Kennedy Lane project to include three homes and ADU
This article has been updated with the correct spelling of Ken P. Munson.
The plans for three new small homes and an accessory dwelling unit (ADU) on a 0.98-acre Kennedy Lane site is now closer to reality after the Healdsburg Planning Commission unanimously gave the OK for the design and parcel map in a 6-0 vote during a May 14 commission meeting.
The commission held a public hearing at its Tuesday meeting for the project, which received wide support from both residents and commissioners. Commissioner Vesna Breznikar was absent.
The project at 131 and 125 Kennedy Lane includes the subdivision of the 0.98-acre site into three residential single-family lots with one ADU and one remaining parcel. The lots will house three one- to two-bedroom cottage court style homes with a shared communal green space.
One remaining parcel will be set aside for Russian River stewardship and the project will also include the preservation of three heritage trees, which will be incorporated into the project.
Project applicant Jim Heid from Craft Development provided a brief overview of the project and discussed the goals of the plan.
“The objectives for this project are to build on the community’s expressed desire for cottage court as an alternative approach, use the sites we have more efficiently — this is an almost 1-acre site and we are getting almost three on here, provide a more well designed small home but still stay in high quality in terms of the design, bring the stewardship level to the Russian River because it is a part of our project,” Heid explained. “And then we tried very hard to incorporate as many green building practices as we can.”
Each home will feature white paint with black windows for a contrasting look and each will have its own unique door color. Other design features include shingle roofing and siding as well as a variety of landscaping.
The 500-square-foot ADU will be similar in design.
The first and third lots will be single story while the second lot will have a two-story home.
There will be three garages for the homes, each with solar panels, corrugated metal siding for a contemporary appearance and a lattice on the front for greenery.
According to Scott Duiven, a Healdsburg senior planner, the project is consistent with the General Plan, the city’s design guidelines and does not interfere with public easements.
“The site is suitable for the size,” he said, adding that it used to be a residential area.
While the project meets the land use code there are a few variances regarding encroachments and the addition of a porch to the ADU.
“The variance requests all apply to the first parcel,” Duiven said. “Number one is a minor porch encroachment. Part of that has to do with the fact that it is not a perfect rectangle. The second variance request is for the home on lot one, it will encroach 15 feet into the technical rear yard of that site … So what the applicant is proposing to do is to provide and still maintain that 20-foot setback on the Kennedy Lane side, but also have a 20-foot setback to the green and treat that as the front of the unit. In doing that it forces the back of the building into what is the technical rear yard setback. It’s basically acting as a side yard. Number three is relating to the ADU to have an 8-foot porch. The fourth is to allow the garages to be attached and allows for two additional on-site parking spots.”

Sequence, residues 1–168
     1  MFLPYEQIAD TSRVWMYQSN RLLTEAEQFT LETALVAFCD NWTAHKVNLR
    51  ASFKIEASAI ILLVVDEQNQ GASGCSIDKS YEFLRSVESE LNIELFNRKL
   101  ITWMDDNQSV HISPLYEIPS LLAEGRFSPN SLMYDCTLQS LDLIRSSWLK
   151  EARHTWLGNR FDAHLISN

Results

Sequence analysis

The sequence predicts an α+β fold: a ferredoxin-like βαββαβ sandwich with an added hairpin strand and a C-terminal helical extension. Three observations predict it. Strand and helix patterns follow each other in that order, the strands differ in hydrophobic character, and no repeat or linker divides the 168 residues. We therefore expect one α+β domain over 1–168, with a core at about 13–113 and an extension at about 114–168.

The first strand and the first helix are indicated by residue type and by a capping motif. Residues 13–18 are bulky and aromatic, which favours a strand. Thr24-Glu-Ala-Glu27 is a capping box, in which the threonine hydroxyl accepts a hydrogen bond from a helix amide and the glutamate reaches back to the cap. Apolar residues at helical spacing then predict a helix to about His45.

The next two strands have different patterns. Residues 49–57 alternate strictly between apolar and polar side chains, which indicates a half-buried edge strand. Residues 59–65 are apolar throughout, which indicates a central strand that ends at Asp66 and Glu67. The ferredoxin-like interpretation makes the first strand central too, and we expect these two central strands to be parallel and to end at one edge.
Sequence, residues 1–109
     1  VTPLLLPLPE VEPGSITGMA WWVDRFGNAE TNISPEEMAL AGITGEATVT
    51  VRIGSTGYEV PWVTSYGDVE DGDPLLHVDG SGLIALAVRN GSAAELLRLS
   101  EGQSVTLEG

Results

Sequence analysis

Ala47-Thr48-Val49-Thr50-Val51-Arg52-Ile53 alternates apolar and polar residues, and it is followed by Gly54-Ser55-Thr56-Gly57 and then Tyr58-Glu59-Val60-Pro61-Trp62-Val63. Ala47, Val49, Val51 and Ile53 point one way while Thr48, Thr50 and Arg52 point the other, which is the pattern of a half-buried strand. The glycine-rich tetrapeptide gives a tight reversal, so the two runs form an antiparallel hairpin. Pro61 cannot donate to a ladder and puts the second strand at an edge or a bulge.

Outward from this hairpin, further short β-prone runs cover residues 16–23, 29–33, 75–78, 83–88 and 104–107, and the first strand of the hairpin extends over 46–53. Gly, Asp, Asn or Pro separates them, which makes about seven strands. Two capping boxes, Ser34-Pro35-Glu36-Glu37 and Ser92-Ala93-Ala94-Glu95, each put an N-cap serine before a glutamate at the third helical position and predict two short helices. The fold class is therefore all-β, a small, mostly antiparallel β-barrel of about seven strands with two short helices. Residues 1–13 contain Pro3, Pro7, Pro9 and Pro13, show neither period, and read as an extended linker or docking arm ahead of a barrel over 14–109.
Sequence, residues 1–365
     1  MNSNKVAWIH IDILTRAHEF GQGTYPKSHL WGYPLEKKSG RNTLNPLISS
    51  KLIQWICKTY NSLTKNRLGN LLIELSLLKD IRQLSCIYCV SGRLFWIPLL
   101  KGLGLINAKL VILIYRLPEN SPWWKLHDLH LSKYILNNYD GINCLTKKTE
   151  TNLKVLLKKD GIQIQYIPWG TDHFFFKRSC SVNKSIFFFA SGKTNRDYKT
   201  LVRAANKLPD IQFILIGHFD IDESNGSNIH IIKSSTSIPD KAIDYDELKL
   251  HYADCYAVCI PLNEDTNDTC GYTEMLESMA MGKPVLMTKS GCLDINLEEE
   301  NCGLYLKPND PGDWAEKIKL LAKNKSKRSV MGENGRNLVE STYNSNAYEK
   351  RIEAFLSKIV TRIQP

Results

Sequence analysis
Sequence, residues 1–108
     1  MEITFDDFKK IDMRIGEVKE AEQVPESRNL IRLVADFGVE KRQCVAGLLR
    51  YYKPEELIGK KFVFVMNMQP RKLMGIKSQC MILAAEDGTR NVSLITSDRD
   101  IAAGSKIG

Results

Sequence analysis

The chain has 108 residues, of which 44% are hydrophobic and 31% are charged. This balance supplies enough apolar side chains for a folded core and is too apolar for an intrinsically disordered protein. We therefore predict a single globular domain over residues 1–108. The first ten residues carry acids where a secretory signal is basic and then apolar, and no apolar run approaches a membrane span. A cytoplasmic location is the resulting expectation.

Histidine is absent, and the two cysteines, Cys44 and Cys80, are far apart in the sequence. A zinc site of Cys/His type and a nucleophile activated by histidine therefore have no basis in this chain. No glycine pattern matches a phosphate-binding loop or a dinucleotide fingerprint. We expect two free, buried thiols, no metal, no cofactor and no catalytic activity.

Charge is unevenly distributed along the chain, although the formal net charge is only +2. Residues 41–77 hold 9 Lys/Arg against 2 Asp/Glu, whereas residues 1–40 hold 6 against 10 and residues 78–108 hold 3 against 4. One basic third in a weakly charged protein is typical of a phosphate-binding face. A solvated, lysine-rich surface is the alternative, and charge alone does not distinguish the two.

Heid said in regards to parking, fencing and privacy concerns, the team met with neighbors and held a community open house on May 9 to answer questions and let locals preview the site plans.
Commissioner Phil Luks asked if privacy concerns regarding the three homes looking into kitchens were addressed, however, because of the way the kitchens are lined up in each unit it is no longer a concern.
Commission Chairperson Jeff Civian’s concerns were geared toward the variances, however, it did not stop him from voting in support of the project.
Commissioner Richard Tracy called the project, “Another great use of land that was so underused.”
He added that the variances did not give him “heartburn,” as Civian had described it.
During the public comment three residents, Alan Cohen, Richard Burg and Ken Munson spoke in favor of the plans.
Cohen called the project innovative and said, “What a great project.”
The next step for the project will be to secure the final permits in advance of construction.
For more information on the project, visit https://www.riverhousehbg.com/updates.
Inclusionary Housing Ordinance
During Tuesday evening’s meeting the commission also voted to amend the city’s inclusionary housing ordinance.
“Generally inclusionary housing programs require developers of market rate residential projects to either sell or rent a specified percentage of a projects’ units to lower income households,” said Lisa Kranz, a Healdsburg planner.
Commissioners voted unanimously to change the ordinance so that it requires 20% of a development to contain inclusionary housing. This is a 5% increase from the previous 15% figure.
The other recommended change was to exclude small sized units such as ADUs from the requirement.
During public comment Cohen voiced his support for the recommendation.
“It’s always a good balance of trying to create a maximum amount of inclusionary housing without discouraging people from actually building housing,” he said.
Commissioners agreed that exempting small-sized units that are already affordable by design from the ordinance would be a good idea.
To read the full ordinance with the new changes, go to https://bit.ly/2HpSsDI.